Data privacy litigation is not a new frontier. The Illinois Biometric Information Privacy Act (“BIPA”) has provided a private right of action for the improper collection of biometric information from Illinois citizens without consent since 2008. Even so, employers and businesses alike were caught off-guard when plaintiffs began filing class actions complaints alleging BIPA violations in 2015. Defendants scored early victories in these cases, as evidenced in the Second District Appellate Court opinion finding that actual harm, and not merely a procedural violation, must be alleged to state a claim under the Act. That ruling placed the viability of private suits under BIPA in serious doubt—because actual harm from an improper collection of biometric information is not easily pled. But then in January 2019, the Illinois Supreme Court reversed the defendant-friendly intermediate appellate ruling and held that mere procedural violations of BIPA standing alone were sufficient to withstand a motion to dismiss. That ruling breathed new life into this pattern litigation, as recent docket filings show.  Continue Reading Is the Illinois Legislature Rethinking BIPA?

This blog post is the first in a series of Q&A posts following Dykema’s February 27, 2019 webinar on the California Consumer Privacy Act (“CCPA”). We received questions both before and during the webinar, and over the coming weeks we will be posting our responses. We will answer the most commonly-asked questions first, so please stay tuned if you don’t see your question in the first one or two posts. And, of course, please feel free to reach out to us if you have a unique question or would like to discuss in detail how the CCPA may apply to you.

Thanks for reading!  Continue Reading February 27, 2019 CCPA Webinar Q&As: Out-of-State, B2B, and GLBA-Covered Businesses

The fallout from the Illinois Supreme Court’s January 25, 2019, opinion in Rosenbach v. Six Flags Entertainment Corp., 19 IL 12316, continues. Rosenbach settled the dispute of who qualifies as an “aggrieved person” under the Illinois Biometric Information Privacy Act (“BIPA”), and in doing so opened the floodgates for this litigation to proliferate. The immediate result was a sharp increase in the filing of BIPA class actions as well as the lifting of stays of the numerous cases pending that were awaiting the Rosenbach ruling.  Continue Reading All Stop: Ruling on the Applicability of Exclusion to BIPA Claims Delayed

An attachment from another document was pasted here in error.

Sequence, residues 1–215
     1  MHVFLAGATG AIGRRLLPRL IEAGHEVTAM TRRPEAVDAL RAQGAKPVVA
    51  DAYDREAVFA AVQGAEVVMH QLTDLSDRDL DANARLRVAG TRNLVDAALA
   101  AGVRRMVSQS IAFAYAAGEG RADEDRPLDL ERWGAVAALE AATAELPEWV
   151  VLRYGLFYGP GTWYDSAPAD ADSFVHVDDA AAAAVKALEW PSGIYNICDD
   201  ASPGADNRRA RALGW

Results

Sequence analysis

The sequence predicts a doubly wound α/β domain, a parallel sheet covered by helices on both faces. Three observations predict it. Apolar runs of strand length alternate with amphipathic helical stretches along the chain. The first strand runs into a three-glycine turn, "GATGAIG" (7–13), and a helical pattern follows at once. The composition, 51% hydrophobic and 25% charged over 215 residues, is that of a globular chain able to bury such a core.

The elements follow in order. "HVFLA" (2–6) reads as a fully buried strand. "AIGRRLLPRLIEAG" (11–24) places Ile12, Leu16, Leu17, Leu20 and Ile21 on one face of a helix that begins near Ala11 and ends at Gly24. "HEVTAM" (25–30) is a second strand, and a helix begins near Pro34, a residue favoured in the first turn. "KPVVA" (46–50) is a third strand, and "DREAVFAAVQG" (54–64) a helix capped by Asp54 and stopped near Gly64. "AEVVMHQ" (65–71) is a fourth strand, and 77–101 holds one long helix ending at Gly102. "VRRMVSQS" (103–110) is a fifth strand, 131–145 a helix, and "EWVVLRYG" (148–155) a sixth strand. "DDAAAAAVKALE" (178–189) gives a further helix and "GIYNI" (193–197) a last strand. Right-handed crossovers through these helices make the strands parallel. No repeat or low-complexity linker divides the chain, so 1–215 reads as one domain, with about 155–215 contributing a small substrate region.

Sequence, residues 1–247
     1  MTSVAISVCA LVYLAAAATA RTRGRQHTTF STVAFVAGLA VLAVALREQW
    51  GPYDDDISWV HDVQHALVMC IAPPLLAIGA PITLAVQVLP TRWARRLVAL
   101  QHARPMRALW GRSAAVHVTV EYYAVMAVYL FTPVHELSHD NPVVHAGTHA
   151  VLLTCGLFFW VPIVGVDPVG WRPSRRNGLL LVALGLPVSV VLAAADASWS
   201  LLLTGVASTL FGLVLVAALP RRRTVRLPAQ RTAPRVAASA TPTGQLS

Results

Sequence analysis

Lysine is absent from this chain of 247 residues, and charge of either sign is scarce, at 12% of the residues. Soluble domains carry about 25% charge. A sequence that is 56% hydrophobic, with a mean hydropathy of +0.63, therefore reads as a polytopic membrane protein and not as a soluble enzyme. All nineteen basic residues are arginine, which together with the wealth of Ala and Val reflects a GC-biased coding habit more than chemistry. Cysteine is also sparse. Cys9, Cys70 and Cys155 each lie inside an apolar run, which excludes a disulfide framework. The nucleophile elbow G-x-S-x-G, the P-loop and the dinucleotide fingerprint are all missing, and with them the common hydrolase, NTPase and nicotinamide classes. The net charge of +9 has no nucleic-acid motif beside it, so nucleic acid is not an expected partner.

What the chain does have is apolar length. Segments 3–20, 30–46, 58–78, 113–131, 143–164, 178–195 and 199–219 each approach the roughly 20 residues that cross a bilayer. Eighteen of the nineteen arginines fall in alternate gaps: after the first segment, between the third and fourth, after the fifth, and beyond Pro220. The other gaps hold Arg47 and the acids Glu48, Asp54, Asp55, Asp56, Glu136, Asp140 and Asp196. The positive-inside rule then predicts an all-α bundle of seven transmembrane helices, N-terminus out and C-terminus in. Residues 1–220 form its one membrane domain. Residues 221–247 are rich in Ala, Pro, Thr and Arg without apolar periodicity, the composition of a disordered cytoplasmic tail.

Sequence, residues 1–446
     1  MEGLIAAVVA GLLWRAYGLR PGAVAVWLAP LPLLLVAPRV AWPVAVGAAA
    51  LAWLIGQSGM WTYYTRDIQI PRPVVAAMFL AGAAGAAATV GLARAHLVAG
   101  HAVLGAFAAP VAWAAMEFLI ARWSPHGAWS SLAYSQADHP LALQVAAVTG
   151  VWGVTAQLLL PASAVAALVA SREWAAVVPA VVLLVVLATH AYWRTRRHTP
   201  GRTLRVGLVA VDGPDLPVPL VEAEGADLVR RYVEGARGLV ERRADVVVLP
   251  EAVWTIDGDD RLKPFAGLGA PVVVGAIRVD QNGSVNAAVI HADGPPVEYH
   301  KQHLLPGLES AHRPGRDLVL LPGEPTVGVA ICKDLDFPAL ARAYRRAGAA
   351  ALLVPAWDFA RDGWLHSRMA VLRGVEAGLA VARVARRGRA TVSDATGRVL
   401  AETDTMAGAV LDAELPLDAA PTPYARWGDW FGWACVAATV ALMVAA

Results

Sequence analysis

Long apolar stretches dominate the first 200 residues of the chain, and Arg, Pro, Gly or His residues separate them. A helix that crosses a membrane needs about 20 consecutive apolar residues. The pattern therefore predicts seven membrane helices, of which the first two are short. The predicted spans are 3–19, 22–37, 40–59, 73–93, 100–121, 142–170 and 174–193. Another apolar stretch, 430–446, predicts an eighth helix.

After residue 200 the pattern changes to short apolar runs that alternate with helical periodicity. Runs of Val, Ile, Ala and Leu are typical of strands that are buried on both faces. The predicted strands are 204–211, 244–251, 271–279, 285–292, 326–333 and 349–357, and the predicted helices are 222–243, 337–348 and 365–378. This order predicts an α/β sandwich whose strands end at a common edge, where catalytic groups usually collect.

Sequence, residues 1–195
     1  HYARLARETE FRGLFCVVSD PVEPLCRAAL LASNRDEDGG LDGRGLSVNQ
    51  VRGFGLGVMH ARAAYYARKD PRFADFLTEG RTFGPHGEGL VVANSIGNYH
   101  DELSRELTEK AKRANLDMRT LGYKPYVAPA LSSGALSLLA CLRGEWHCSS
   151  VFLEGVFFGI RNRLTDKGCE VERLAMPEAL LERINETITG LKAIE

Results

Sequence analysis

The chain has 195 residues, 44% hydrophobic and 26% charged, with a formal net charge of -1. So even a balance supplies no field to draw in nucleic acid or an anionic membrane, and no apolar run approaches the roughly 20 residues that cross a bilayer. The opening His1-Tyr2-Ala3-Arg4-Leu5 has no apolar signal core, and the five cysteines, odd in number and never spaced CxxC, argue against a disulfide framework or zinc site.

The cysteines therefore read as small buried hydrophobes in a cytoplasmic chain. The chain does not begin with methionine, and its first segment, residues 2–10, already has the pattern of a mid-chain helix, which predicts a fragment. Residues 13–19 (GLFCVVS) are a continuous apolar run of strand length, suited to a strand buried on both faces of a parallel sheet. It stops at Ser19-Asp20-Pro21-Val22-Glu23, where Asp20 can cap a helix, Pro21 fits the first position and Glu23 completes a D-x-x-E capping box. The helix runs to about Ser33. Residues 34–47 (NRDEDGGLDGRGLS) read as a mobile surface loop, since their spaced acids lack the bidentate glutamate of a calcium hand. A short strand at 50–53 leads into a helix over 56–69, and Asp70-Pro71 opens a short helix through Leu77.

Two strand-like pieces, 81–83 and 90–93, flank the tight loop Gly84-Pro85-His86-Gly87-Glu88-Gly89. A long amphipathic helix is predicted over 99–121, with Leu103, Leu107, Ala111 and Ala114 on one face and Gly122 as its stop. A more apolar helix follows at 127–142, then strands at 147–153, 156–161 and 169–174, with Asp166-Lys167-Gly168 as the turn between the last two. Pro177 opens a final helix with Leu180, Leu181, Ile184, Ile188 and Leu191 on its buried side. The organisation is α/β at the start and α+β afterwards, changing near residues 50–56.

On January 19, 2019, federal Magistrate Judge Kandis Westmore of the Northern District of California denied the Government’s application for a search warrant that sought:

  1. “all digital devices” present at a California residence; (Order at 3), and
  2. “any individual present at the time of the search to press a finger (including thumb) or utilize other biometric features…for the purposes of unlocking the digital devices found in order to permit a search of the contents,” (Order at 1).

The request for the “use of biometrics” was stunning. Magistrate Judge Westmore denied the Government’s initial request, but invited the Government to submit a new search warrant. A day later when the Government submitted an amended application, it omitted the request to use biometrics. The court granted that amended application. Since the Government’s application named only two suspects in its affidavit, the Government’s request to compel any other individual present at the time of the execution of the search warrant to unlock their digital device(s) was too expansive.

Continue Reading Biometrics and Search Warrants: The Intersection of Your iPhone and the Fourth and Fifth Amendments

February was a busy month for those monitoring the latest developments with the California Consumer Privacy Act (CCPA). After the month kicked off with a series of California Attorney General Informational Sessions, the California State Assembly’s Privacy and Consumer Protection Committee conducted a hearing with testimony from interested parties, including Alastair Mactaggart (the architect of the initiative that led to the enactment of the CCPA), representatives from the California Attorney General’s Office, public interest groups, and industry groups. This hearing also coincided with the introduction of new proposed amendments to the CCPA that would, among other things, require businesses to disclose an estimate of what they paid or received for the sale of consumer data. The month culminated with the introduction of a Senate Bill that would greatly expand the reach of the CCPA by, among other things, granting consumers a private right of action for all CCPA violations and not just data breach violations.  Continue Reading CCPA Watch – February Marked by Heavy Legislative Activity, Proposal to Expand Private Right of Action under the CCPA